|Holyoke teens thankful after two close calls|
|Written by Darci Tomky|
Thanksgiving is a day to fill up on pumpkin pie, watch football and prepare for the Black Friday sales, right? Yes, that’s what many across the country did last Thursday, but this year the holidays look much different for two teenage girls in Holyoke.
The real meaning of Thanksgiving rang true for two families after a couple close calls a few weeks ago. They all have a little more to be thankful for this year.
Thursday, Nov. 10, HHS junior Cierra Prelle was simply heading to the grocery store around 5 p.m. to grab a soda before driving to the day care to pick up her little brothers.Prelle was excited to be driving the Ford F250 pickup her family had just gotten.
Facing east at the stoplight in Holyoke, Prelle was ready to make a left turn at the same time a semitruck, facing west, was also making a left turn.
Cierra Prelle’s Ford F250 pickup was pretty bent up, with the entire
“I can’t believe it happened,” she said, thinking back to the collision that Thursday night. “I’m not going to forget it.”
The young 16-year-old was pretty shaken up after her first accident as a driver. Since she was wearing her seat belt, she only went to the hospital with a concussion and whiplash. “If I would have been in my car, it would have been pretty bad,” said Prelle.
She said the other pickup didn’t look as bad as hers did and the driver was not injured.
Prelle said the moments immediately following her accident were kind of like an “out-of-body experience,” noting she kept thinking back to the Every 15 Minutes drunk driving simulation she saw at HHS a year ago.
“Everyone thinks it won’t happen to them,” said Prelle, admitting that even though simulations like Every 15 Minutes are powerful, she didn’t see anything like that happening to her since at the time she didn’t even have her license yet.
Prelle hopes drivers will realize things like texting while driving and drinking and driving can make accidents like this much, much worse. “Mine was a simple accident,” she said, noting she wasn’t texting or drunk. “I wasn’t distracted, so you don’t need distractions.”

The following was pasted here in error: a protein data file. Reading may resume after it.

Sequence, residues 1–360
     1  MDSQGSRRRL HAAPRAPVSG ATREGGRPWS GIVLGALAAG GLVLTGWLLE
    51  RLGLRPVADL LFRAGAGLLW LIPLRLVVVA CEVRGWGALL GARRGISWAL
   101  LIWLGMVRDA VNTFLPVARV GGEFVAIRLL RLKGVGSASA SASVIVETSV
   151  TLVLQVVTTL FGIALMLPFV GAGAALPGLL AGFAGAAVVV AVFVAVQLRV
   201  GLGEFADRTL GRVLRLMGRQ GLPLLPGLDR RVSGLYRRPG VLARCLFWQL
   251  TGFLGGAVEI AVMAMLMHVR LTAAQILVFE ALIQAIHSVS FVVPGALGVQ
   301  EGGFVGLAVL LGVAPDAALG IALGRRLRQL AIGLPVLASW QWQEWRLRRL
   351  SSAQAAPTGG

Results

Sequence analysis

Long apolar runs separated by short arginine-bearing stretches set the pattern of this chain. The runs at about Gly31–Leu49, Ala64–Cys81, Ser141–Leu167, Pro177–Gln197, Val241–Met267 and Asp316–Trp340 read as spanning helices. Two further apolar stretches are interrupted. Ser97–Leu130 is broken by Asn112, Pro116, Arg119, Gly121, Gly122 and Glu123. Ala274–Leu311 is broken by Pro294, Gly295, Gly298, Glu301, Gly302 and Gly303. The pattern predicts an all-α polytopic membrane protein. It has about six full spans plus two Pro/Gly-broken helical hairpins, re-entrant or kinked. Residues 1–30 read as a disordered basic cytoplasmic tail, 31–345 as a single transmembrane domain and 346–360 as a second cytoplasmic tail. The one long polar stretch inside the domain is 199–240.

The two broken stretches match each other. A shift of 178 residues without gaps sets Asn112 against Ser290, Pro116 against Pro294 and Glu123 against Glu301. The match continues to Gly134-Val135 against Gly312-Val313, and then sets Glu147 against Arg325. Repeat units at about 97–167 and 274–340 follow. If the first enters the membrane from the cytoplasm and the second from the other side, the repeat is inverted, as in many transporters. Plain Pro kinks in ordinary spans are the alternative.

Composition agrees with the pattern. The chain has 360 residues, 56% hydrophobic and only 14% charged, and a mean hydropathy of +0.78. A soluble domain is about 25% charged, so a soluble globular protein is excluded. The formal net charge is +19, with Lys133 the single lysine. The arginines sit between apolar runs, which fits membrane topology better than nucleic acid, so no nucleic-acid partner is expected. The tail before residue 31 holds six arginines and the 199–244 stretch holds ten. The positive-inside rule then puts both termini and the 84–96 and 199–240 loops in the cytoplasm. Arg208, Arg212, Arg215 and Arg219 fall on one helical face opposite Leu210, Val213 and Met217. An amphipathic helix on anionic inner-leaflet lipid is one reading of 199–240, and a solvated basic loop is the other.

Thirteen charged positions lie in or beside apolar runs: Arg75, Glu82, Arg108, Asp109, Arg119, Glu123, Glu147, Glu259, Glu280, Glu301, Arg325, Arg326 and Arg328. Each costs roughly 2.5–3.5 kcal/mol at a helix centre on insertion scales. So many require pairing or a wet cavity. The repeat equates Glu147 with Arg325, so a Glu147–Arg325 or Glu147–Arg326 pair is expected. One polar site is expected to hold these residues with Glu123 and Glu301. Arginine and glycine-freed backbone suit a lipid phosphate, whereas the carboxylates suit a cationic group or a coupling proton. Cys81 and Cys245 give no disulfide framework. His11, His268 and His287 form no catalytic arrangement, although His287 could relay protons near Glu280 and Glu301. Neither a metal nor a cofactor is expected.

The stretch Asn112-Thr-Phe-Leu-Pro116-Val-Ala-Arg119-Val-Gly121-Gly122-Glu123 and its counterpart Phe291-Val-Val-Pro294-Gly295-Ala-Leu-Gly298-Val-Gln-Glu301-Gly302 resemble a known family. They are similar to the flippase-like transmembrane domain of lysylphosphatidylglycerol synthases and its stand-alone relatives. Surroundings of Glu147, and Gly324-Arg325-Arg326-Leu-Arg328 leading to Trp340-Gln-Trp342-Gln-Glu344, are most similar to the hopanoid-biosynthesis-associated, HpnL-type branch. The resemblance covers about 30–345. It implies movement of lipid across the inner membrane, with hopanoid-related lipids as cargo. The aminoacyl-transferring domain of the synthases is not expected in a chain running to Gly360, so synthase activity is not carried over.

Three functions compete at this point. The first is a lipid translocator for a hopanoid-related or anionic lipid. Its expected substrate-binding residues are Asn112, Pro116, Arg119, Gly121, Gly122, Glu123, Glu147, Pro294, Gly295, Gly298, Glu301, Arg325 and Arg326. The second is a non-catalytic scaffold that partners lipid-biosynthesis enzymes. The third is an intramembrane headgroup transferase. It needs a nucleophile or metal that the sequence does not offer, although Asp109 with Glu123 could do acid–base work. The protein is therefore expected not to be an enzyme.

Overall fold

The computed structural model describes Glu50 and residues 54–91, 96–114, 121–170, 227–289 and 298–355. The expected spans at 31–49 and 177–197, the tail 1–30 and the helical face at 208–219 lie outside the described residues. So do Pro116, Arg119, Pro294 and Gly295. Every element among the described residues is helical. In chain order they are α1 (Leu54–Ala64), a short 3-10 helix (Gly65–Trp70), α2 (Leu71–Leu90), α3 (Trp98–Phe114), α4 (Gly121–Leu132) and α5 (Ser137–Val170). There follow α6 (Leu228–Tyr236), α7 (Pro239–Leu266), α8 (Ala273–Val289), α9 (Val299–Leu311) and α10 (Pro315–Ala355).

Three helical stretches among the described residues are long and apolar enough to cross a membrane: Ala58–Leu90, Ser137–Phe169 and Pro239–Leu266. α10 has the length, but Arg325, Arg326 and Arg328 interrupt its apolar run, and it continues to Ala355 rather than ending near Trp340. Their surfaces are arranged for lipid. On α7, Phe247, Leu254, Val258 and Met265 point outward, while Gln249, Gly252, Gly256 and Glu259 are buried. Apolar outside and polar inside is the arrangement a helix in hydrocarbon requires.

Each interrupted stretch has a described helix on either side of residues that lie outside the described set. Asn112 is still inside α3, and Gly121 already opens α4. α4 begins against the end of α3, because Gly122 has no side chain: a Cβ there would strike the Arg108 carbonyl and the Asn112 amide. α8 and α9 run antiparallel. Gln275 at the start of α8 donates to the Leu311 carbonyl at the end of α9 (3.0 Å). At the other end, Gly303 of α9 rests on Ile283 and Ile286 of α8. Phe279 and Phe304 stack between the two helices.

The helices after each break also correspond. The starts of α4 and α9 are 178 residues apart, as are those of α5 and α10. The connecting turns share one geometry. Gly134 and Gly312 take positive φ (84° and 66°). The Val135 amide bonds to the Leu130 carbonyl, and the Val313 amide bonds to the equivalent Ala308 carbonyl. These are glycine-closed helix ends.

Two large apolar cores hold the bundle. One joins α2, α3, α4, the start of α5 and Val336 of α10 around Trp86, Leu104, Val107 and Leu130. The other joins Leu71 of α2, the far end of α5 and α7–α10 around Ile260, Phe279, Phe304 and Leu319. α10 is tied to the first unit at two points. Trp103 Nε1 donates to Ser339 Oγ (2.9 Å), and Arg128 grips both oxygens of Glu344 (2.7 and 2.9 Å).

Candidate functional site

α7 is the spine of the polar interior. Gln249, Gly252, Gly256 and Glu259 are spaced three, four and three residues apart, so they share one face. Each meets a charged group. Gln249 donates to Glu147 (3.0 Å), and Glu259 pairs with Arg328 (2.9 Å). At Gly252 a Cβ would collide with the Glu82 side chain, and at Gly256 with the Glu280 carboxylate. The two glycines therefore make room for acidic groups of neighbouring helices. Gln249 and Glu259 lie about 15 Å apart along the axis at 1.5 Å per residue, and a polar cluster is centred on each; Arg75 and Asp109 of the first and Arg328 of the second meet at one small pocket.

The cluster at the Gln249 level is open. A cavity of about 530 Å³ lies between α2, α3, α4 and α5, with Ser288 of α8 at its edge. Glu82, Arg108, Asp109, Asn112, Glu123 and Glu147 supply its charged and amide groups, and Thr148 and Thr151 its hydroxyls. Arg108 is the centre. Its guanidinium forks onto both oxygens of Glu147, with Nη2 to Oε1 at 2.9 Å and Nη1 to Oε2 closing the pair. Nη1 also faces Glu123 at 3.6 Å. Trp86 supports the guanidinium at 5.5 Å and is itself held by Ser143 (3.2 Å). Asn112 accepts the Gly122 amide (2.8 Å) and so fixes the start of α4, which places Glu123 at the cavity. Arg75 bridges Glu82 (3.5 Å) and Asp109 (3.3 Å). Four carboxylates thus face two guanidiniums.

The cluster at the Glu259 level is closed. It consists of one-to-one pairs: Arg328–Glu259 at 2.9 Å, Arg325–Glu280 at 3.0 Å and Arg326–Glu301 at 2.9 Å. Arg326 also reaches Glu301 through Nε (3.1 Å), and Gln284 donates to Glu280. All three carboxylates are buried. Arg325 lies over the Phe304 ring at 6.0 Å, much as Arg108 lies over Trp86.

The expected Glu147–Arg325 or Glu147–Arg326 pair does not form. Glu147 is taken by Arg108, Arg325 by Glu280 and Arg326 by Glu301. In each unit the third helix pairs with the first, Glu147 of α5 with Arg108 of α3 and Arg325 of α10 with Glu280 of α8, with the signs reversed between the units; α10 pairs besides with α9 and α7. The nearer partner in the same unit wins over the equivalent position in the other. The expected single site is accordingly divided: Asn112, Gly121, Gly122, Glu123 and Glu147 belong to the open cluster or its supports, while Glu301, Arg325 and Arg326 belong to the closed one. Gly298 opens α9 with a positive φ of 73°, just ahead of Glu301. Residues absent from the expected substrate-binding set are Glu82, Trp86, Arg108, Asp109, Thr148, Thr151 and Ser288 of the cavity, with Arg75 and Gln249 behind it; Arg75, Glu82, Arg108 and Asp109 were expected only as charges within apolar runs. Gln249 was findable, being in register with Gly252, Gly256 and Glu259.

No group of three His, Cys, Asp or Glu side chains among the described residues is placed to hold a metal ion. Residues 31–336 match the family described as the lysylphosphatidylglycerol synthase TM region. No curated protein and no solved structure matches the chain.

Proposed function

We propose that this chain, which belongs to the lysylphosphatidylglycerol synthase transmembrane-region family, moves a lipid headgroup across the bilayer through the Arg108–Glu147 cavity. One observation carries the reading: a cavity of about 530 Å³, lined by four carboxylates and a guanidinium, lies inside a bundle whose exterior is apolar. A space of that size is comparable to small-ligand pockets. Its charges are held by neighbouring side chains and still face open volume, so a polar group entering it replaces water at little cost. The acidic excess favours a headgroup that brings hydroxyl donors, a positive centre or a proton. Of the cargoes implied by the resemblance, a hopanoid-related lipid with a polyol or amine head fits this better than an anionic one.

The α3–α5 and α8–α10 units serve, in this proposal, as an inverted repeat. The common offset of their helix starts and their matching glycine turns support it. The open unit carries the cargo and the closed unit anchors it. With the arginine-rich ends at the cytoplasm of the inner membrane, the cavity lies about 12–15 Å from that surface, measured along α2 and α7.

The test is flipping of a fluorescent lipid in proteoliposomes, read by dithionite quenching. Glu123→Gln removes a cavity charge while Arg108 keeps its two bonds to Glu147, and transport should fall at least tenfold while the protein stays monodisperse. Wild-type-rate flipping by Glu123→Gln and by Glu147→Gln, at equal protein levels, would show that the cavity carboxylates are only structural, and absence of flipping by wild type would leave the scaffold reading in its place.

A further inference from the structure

“I hope it taught my friends a lesson,” added Prelle. “I hope it will show them how easy it can happen.”
HHS junior Cierra Prelle, at right,
The HHS junior said her friends and family showed a lot of concern, and she certainly doesn’t mind people at school asking a lot of questions. “I don’t want them to assume anything,” said Prelle.
She said she hopes everyone will be safe. Prelle has made wearing her seat belt a habit and hopes other people will too.
Prelle felt bad because Nov. 10 happened to be her little sister’s birthday, but the family had much to be thankful for considering the outcome of the collision.
It was a big eye-opener for Prelle’s mom Janette Helgoth, who was quick to realize material possessions are not as important as people think they are.
“It definitely makes me thankful and see what’s important in life,” said Prelle.
“Oh, I see Holyoke. I’ll be fine.” That’s what 18-year-old Whitni Redman told herself when she was driving home from her boyfriend’s house close to midnight the night of Friday, Nov. 11.
A couple miles east of Paoli on Highway 6, the HHS senior dozed off at the wheel, awaking to find her car running off the left side of the road. She swerved to miss a road marker, and the car traveled across both lanes, rotating, until it rolled two and one-half times to land on its top in the right side ditch.
It is a miracle 18-year-old Whitni Redman walked away from her rollover accident just east of Paoli the night of Nov. 11. Her 2008 Pontiac is a total loss after rolling two and one-half times and catching on fire. With no serious injuries, Redman is thankful she had her seat belt on, the one thing that probably saved her life.
“The scary part is people just don’t walk away from that,” said Whitni’s mom Misti Redman.
Miraculously, Whitni did walk away from it. She doesn’t remember a lot of the accident, but somehow she managed to get out of the upside-down car that had immediately caught fire after the rollover.
Just minutes after the accident, a NAPA truck pulled over to assist Whitni, followed by HHS students Jesus Hermosillo and Maddie King.
Misti, who was with friends that Friday night, immediately panicked when she heard Holyoke’s emergency whistle blow at midnight and Whitni was not home yet. She called Whitni’s cell phone, and luckily, Whitni had grabbed it from the car and was able to answer, although she was not coherent enough to really answer her mom’s terrified questions.
After spending that night and the next day in the hospital, Whitni only suffered a concussion and some bruising on her lungs. “Dr. Rick said Whitni would be the poster child for seat belts,” said Misti.
Seat belts actually do something, said Whitni and Misti, noting it’s what saved her life.
Out of the 35,000 people that die in rollovers in America each year, half could be saved if they had just worn their seat belts, said Whitni.
Sleeping drivers are more dangerous than drunk drivers, said Misti. Stopping the car and doing jumping jacks is a good way to wake up, advised Whitni.
After her scary car accident a few weeks ago, HHS senior Whitni
“It was an eye-opener,” said Whitni, noting all of the things she takes for granted.
“The what-ifs are really hard,” said Misti. “We’re just thankful. Enjoy each day because you never know what can happen.”
Holyoke Enterprise December 1, 2011